Legislative Assembly for the ACT: 2002 Week 1 Hansard (12 December) . . Page.. 145..
Break-ins at disability group homes
MR CORNWELL: My question is to Mr Stanhope as Minister for Health. I refer to the recent report of break-ins at 21 disability group homes. Can you advise the Assembly whether the government has investigated security at these group homes and why it took 21 break-ins to occur before an investigation into the security of these places was undertaken? It seems that there were a large number of break-ins before something happened.
MR STANHOPE: I thank Mr Cornwell for the question. I think it is a particularly important question. I was very disturbed on being advised early in the period of our government taking over that there was a significant and serious issue in relation to break-ins at a number of group homes. It was particularly distressing. All of us would be concerned that somebody is prepared to target the homes of the most vulnerable members of our community and to do so on what appears to be a deliberate and systematic basis.
Having regard to the fact that so many group homes have been burgled, broken into and violated, one is left with no option but to assume that there has been a quite deliberate campaign by somebody who, unfortunately, knew the address and location of those houses. I think that there were some similarities in the modus operandi of those engaged in the activity.
As you say, Mr Cornwell, there have been 22 burglaries within disability group homes since June. The burglaries actually commenced whilst you were in government. The majority of the burglaries, I understand, commenced in June and continued through that period. The majority of the offences have occurred in the Belconnen area and some of the houses have been burgled more than once. With one exception, the offences occurred whilst the houses were vacant. Entry generally was gained through windows that were broken. As I say, there is some concern at the similarity of the offences. In many instances, significant amounts of cash have been removed and there has been a real similarity, as I say, about the modus operandi.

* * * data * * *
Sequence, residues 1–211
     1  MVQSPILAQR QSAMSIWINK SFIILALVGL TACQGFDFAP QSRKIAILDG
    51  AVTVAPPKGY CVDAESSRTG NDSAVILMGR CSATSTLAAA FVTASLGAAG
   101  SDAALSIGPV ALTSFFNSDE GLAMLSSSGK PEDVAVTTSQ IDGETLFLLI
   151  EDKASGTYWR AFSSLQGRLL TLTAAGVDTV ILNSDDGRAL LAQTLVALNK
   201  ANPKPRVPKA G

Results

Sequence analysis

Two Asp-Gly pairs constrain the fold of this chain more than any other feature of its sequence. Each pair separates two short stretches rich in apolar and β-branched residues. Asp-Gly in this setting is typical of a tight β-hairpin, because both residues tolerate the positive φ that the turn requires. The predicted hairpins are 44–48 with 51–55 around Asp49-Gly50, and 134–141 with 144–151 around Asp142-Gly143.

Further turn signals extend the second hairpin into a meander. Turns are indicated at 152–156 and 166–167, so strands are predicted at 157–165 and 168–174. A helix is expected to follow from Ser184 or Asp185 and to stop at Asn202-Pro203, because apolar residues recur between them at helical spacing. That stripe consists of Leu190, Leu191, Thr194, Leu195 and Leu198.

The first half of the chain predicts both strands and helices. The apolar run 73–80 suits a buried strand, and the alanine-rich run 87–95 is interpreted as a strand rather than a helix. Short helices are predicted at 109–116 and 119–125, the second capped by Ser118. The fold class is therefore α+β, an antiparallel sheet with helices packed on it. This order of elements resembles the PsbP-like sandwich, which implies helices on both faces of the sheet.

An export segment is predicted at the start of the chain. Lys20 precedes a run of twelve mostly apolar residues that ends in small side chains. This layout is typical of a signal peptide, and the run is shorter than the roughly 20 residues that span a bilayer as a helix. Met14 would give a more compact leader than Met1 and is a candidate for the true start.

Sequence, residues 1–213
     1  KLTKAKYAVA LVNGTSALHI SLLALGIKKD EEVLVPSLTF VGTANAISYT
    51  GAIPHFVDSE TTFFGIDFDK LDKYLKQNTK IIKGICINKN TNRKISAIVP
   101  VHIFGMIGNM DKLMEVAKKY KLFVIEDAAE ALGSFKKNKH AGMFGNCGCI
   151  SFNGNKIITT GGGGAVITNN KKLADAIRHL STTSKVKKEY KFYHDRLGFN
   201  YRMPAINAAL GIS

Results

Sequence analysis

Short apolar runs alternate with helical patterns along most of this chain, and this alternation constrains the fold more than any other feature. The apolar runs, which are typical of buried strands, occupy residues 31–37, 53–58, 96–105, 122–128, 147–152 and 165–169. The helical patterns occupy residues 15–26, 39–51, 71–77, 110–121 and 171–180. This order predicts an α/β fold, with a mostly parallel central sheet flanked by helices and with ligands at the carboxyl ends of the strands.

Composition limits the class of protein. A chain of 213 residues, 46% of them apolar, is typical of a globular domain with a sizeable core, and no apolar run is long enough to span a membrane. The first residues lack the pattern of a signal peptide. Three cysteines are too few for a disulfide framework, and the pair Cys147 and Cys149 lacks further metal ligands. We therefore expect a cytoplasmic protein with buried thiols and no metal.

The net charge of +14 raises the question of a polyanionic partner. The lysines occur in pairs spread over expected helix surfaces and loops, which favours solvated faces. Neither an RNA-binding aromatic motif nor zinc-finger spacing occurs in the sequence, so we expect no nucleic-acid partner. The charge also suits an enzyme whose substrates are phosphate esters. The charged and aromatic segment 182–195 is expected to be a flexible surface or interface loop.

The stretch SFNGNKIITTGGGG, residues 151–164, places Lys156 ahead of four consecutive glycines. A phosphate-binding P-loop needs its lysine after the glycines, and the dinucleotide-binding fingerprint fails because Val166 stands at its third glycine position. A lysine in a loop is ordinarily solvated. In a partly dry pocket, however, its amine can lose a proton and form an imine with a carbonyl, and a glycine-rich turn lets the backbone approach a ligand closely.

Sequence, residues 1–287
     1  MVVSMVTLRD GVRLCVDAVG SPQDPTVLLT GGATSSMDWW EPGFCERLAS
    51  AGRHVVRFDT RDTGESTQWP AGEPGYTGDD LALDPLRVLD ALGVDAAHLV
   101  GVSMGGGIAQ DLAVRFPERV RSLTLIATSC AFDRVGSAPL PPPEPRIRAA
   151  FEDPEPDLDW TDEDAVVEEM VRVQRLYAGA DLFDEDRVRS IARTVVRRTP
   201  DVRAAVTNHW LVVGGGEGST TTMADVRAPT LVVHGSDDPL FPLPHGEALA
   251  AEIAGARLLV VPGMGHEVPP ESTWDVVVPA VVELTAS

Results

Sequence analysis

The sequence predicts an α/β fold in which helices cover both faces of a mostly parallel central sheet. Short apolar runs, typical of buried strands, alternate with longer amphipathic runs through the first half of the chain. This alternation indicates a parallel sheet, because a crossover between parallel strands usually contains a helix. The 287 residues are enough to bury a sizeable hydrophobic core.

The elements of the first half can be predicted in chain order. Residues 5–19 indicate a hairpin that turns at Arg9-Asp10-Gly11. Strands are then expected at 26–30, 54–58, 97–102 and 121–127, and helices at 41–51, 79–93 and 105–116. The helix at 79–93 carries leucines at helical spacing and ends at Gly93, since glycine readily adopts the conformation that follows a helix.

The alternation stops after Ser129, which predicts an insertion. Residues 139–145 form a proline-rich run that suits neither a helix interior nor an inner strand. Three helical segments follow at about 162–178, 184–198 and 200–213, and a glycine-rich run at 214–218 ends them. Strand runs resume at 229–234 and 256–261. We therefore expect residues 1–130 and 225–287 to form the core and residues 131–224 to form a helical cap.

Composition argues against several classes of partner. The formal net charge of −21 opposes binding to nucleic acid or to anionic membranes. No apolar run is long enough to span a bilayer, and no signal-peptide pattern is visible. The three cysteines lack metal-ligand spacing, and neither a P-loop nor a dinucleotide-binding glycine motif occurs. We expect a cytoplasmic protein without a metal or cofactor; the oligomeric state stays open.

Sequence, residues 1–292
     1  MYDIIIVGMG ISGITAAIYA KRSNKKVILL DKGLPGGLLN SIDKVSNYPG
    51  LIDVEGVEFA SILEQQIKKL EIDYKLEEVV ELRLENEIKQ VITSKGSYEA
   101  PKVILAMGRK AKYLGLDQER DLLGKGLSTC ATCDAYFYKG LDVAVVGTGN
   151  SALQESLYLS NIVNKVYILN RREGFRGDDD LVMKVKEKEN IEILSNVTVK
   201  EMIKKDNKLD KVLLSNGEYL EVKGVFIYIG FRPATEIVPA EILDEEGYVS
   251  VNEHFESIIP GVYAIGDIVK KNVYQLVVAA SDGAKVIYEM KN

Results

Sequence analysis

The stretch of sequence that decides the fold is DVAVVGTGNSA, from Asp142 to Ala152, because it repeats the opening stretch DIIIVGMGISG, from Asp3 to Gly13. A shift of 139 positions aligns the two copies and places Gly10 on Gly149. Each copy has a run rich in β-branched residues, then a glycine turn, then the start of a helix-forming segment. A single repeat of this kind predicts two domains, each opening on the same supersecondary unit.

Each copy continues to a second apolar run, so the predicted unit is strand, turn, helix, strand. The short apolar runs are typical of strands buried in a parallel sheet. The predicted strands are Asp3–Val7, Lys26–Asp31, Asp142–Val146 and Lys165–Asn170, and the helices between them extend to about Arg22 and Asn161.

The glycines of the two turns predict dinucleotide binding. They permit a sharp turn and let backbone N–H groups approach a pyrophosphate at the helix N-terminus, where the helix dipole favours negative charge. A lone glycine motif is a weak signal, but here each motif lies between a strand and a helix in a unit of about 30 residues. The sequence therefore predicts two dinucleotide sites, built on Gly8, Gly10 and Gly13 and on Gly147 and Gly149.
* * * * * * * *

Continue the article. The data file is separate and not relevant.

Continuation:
The police were called in relation to each break-in. The disability program people took immediate steps. They have liaised constantly with the police. They have sought assurances from the police about the security arrangements, as you would expect. They have sought assurances from the police about the most appropriate way of ensuring and guaranteeing the security of these homes. The disability program director and the police have developed a program and strategy of seeking to ensure the greatest possible security. The range of issues that have been discussed and agreed between disability services and the police go to steps required to minimise the amount of money on the premises, maintaining normal diligence, assessing the adequacy of lighting, removing shrubbery which conceals entrances, and assessing the need for safes within the houses.
Chubb Security have been engaged to provide, in addition to enhanced police patrols, additional private security for each of the homes. The department has liaised with all parents and guardians around the issues. They have been involved and consulted at all times. Staff have been instructed to be aware of the issues and they have been asked to take appropriate and necessary steps as a result of what has been happening.